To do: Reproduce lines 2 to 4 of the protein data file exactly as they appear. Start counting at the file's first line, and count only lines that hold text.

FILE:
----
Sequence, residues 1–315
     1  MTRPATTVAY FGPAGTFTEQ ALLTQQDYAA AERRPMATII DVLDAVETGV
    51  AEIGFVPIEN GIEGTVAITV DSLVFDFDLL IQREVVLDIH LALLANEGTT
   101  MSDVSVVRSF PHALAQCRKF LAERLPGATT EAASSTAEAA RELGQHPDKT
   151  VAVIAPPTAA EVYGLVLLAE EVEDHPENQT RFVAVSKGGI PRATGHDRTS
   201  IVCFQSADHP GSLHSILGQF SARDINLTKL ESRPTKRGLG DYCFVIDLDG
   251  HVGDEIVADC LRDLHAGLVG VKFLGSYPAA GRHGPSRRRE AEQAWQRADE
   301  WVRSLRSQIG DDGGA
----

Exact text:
     1  MTRPATTVAY FGPAGTFTEQ ALLTQQDYAA AERRPMATII DVLDAVETGV
    51  AEIGFVPIEN GIEGTVAITV DSLVFDFDLL IQREVVLDIH LALLANEGTT
   101  MSDVSVVRSF PHALAQCRKF LAERLPGATT EAASSTAEAA RELGQHPDKT